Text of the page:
From there, training began in preparation for the GIRLGAMER tournament. The players had a boot camp where they trained with solo drills, team practice, and faced evaluations from their coach until the event began. For both Madiha and Arwa, GIRLGAMER 2020 was a significant highlight in their careers.

“That memory of the GIRLGAMER tournament is amazing. At the time I didn’t know what to feel. I just knew something amazing was happening,” Madiha reminisced. Arwa echoed similar fond thoughts: “As a gamer, seeing videos of your favorite pro players competing in pro level leagues and tournaments makes you always dream of doing the same. Getting to do something similar has made it an unforgettable memory of mine.”

Navigating Female Esports

Despite the adoration the Galaxy Racer team members have for their time competing, it wasn’t without its difficulties. As the first female esports team from the Middle East, the members of the team were going in blind; with no precedent for a team like themselves in the region, there was uncertainty as to what reactions would be. “Being a female does impact being a gamer in general, mostly negatively,” said Arwa. “If a male recognizes that I’m a female during a game, he will start to insult me because of my gender. I can’t count how many times I’ve been told to ‘go to the kitchen’ because of [my gender].” Even during tournaments themselves, Arwa confessed her most challenging moments since beginning her gaming career have been reading hateful comments made during tournaments, primarily from men.

While female esports players globally face similar misogyny, the rarity of female esports players in the Middle East is no doubt a contributing factor to the harsh reactions the Galaxy Racer team, and players like them, have faced in their careers. While women make up 30% of esports players internationally, this number drops to a mere 8% in the Middle East. “We have very few females pursuing gaming as a career in the Middle East because of the little exposure it used to have here. Most popular esports events are held in other regions. Moreover, the culture in this region may play a part in this as well,” Arwa suggested.

“Galaxy Racer took a big step, not only by onboarding a female team, but because it was the first professional team they had,” noted Madiha. “The effort was there. But you can’t just have one team or one organization doing something and then expect a massive change to happen. Everybody kind of needs to get involved.” Galaxy Racer later signed two more all-female teams.

Beyond Galaxy Racer

Despite these difficulties, the Galaxy Racer team members emphasize how positive their time was on the team. “Me and my old teammates still talk about how fun of an experience it was,” said Madiha. “Even if we weren’t number one, the memories are still so pleasant because we worked so hard for everything.”

The Galaxy Racer team, and GIRLGAMER event as a whole, was proof that women could exist and flourish in the competitive gaming space if given the opportunity. “[Training for GIRLGAMER] was terrific and fun; having a bunch of females sitting under one roof and sharing the same dream and goals made it an inspiring and amazing environment. We all wanted to improve and learn every time we met to train. I was looking forward to waking up every day and going to our boot camp to practice with the team.”

While the players reminisce on fun times they had during training, perhaps what made the memories even more special was the history they made together. “I am incredibly proud of what we were able to create,” Arwa remarked. “We all had one common goal: to inspire other girls to pursue gaming as a career and feel safer in this industry.”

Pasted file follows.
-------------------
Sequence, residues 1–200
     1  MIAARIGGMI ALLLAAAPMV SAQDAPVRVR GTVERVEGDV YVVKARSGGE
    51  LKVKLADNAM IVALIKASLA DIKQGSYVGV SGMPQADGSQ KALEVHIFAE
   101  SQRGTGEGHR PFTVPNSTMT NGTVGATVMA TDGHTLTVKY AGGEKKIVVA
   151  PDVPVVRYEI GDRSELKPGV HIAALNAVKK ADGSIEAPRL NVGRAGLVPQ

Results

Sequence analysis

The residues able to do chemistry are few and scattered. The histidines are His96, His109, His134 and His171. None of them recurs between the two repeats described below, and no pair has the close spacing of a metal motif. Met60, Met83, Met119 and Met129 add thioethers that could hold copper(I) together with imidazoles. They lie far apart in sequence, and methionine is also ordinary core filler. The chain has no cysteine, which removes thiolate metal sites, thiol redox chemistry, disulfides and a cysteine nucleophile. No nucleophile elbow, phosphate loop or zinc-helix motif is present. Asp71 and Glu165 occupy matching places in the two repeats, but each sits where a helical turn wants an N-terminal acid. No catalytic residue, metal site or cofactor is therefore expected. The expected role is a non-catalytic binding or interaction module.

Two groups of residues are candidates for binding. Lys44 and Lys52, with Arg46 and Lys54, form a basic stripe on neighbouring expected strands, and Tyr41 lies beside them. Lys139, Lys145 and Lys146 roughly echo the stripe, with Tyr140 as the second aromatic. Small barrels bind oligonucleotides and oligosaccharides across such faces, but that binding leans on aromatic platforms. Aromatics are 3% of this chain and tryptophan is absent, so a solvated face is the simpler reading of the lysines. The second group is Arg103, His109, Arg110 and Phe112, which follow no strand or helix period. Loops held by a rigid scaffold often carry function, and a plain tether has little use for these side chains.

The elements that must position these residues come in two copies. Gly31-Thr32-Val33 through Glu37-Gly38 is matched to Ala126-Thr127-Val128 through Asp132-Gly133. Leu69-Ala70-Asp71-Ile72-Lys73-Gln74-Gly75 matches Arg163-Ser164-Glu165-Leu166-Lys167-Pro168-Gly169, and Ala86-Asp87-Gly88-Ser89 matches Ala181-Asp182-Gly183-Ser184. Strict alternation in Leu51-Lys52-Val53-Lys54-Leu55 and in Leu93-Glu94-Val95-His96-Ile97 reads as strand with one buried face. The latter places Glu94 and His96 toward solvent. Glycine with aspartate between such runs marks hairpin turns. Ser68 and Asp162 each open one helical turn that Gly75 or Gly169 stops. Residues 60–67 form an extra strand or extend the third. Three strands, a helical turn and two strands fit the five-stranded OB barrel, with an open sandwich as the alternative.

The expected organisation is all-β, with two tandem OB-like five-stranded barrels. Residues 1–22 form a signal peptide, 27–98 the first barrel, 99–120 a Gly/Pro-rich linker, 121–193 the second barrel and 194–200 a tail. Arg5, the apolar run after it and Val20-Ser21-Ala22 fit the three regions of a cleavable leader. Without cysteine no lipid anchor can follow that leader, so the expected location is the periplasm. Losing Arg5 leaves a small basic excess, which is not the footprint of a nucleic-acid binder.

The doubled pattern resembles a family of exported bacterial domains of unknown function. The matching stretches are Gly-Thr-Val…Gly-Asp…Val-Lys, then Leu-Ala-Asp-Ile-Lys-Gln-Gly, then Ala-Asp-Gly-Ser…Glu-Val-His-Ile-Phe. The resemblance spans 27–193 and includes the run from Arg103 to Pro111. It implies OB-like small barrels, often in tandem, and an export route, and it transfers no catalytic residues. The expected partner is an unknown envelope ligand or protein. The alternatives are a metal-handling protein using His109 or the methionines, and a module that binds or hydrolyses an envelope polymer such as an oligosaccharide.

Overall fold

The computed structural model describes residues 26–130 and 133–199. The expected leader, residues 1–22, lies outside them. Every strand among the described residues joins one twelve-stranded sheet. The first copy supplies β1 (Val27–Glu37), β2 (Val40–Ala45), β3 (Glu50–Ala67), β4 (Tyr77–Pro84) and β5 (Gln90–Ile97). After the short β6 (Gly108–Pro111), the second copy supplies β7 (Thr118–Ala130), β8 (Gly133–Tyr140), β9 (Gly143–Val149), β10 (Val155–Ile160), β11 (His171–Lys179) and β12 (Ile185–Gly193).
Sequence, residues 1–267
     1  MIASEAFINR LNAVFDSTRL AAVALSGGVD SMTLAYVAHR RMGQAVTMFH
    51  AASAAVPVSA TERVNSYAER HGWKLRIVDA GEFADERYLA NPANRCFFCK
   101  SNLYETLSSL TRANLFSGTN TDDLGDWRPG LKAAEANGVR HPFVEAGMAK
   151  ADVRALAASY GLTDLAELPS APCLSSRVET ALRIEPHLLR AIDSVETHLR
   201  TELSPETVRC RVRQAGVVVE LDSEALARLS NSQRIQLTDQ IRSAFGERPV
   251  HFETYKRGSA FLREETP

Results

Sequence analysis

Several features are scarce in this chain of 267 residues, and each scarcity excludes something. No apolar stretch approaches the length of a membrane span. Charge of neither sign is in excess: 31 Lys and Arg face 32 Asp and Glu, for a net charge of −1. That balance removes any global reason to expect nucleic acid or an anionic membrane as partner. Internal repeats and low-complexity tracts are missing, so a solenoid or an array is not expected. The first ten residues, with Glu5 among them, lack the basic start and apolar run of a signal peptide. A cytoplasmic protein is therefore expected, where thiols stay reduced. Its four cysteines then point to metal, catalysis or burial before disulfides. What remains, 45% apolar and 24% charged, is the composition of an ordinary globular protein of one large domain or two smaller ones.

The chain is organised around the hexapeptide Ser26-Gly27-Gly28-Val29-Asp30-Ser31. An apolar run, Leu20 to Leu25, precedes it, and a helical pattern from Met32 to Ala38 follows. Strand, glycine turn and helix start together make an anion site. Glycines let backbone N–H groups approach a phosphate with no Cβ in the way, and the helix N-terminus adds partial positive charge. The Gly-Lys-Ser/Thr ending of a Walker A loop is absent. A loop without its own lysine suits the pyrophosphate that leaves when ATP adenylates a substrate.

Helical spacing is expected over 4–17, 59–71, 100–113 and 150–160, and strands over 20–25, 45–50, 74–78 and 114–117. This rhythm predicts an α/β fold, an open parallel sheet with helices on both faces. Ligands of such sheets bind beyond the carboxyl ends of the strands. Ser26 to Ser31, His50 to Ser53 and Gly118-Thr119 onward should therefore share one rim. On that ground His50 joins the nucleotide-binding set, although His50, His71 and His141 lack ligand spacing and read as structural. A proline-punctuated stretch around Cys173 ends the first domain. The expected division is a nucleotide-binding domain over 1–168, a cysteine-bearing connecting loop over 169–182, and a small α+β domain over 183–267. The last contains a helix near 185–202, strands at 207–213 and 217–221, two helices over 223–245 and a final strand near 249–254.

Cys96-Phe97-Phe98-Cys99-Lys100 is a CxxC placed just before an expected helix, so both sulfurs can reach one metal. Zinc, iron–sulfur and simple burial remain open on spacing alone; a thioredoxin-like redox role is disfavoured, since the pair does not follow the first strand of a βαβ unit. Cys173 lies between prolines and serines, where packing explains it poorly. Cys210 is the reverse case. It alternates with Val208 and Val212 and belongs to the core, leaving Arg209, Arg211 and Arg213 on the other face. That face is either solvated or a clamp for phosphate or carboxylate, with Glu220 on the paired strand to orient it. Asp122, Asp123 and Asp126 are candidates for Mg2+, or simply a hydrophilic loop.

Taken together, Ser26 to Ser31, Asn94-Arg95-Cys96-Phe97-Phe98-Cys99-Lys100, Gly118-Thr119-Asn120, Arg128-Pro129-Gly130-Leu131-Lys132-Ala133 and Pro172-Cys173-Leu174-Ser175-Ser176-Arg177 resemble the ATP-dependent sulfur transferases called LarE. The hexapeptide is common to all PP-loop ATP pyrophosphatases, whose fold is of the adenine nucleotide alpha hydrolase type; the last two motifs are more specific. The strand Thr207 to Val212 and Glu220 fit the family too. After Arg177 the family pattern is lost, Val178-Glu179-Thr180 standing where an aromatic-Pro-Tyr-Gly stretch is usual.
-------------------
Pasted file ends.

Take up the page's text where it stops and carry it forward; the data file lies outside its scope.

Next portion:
Once GIRLGAMER 2020 in Dubai concluded, the team went through new evaluations, and lineup changes. The original Galaxy Racer lineup saw management transfers and rebrands, while more female esports teams have sprung up for various games throughout the Middle East and North Africa.

“If I could give advice to girls from the Middle East that want to pursue gaming,” suggested Arwa, “it would be to never let others cruel words and treatment get to you. No one knows how hard you work and how much you try besides yourself. Be yourself and give your best.”

For girls who want to pursue a career in gaming, especially in regions where it's more uncommon, that first step can be intimidating. Uncertainty on where to start or how to progress can leave many players stuck at the starting gate. “A lot of females are coming out and trying to pursue gaming as a career, but I think my advice would be to just focus on getting good at the game individually. Really see where your career can take you,” advised Madiha.

Following GIRLGAMER, Arwa completed her time with Galaxy Racer. Her next esports venture took her to Team Norse Thunder, a U.K based team dedicated to fighting social isolation with community building through esports. Throughout her time on both teams, Arwa pursued a degree in Bachelor’s Computer Science and Cyber Security & Forensics, which she achieved earlier this year.

Madiha went on to continue playing for Galaxy Racer, which later became known as ‘Nigma Galaxy MENA’, up until February of this year. After working as both a player and Marketing Executive for the Galaxy Racer team, she is currently working as a Gamer Relationship Agent for a Dubai-based esports network named Division. On the side, Madiha is training with her own group of female players in preparation for the next GIRLGAMER tournament.

Throughout Madiha’s time as an esports player in the Middle East, she’s found that when there are no opportunities available, the space exists to create your own. With Division, Madiha is currently working to create and promote a platform dedicated to connecting gamers with professional opportunities in the Middle East and North African region, and is urging local female players to sign up. “When it comes to having more female players in gaming in the Middle East, I think it’s happening already. I know a lot of people who think an org wouldn’t want to sign them, or that there are no opportunities to be signed. But I think you just have to get so good at the game that you can’t be ignored.”